Choosing the link to the UK newspaper, The Guardian, is deliberate since many people will claim that it is a conservative agenda. I had many links to choose from but I doubt anyone will take the time to search them out and this news will likely be conspicuously absent from liberal news sources or soft pedaled.
In essence, the recent global warming "crisis" is due not to man made greenhouse gases but to the recovery of the earth from the mini ice age that spanned from 1400 to 1800, reaching its height in the 17th century, which was a direct result of a Maunder Minimum, a period of minimal, or near nonexistence, sunspot activity on the sun, something that we are about to experience once again. Sunspot activity has been diminishing since the end of 2008 and it shows no signs of cranking up with the new cycle.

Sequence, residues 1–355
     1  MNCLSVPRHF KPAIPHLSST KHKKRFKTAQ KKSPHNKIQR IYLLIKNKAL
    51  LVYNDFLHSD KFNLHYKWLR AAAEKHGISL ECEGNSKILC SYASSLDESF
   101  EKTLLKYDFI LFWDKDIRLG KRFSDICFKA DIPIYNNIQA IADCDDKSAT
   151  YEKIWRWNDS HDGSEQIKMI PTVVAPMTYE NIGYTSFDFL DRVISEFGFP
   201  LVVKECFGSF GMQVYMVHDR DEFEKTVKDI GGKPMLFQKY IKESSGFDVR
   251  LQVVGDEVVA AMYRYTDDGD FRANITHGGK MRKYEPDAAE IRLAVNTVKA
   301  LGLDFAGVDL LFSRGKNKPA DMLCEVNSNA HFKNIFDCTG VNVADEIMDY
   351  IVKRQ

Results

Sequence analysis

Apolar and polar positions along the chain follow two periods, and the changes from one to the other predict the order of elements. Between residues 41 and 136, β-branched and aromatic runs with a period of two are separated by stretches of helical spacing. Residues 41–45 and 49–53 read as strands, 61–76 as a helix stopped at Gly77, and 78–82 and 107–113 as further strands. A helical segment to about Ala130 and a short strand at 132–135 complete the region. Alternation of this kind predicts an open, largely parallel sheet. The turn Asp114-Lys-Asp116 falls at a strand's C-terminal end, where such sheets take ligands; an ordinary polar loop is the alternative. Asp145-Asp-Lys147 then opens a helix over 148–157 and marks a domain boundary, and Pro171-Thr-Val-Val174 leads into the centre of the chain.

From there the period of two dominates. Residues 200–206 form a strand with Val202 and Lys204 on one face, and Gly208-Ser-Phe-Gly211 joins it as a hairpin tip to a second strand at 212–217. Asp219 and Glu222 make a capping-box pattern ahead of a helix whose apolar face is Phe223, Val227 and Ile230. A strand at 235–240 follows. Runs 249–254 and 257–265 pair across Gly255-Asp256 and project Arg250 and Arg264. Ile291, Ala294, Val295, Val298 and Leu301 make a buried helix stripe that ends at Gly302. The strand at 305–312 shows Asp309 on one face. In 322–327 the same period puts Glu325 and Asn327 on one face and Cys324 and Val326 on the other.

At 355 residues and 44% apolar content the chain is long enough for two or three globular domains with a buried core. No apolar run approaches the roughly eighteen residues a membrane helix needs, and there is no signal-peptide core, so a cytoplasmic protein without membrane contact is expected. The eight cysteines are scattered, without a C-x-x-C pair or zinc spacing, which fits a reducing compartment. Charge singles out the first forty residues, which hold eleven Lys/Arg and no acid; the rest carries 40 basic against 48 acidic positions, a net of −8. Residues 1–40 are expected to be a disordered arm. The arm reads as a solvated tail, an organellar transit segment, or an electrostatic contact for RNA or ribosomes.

What this all boils down to is that scientists with a political agenda, or co-opted by politicians and liberals, have lied. They knew their data was spotty and that they had not included all the factors that go into the warming and cooling cycles of the Earth, but they opted for half-baked ideas with no valid scientific proof and began scaring the world with their doom and gloom predictions. The three Japanese scientists who came forward and said it has all been a lie and that temperatures have been falling since 2000 instead of rising as current climate models indicate have just highlighted and underlined what Ayn Rand said in Atlas Shrugged. Science should be apolitical and not subject to political agendas. Scientists who use data for a political agenda or stand aside and allow their work to be used to further political ends are looters.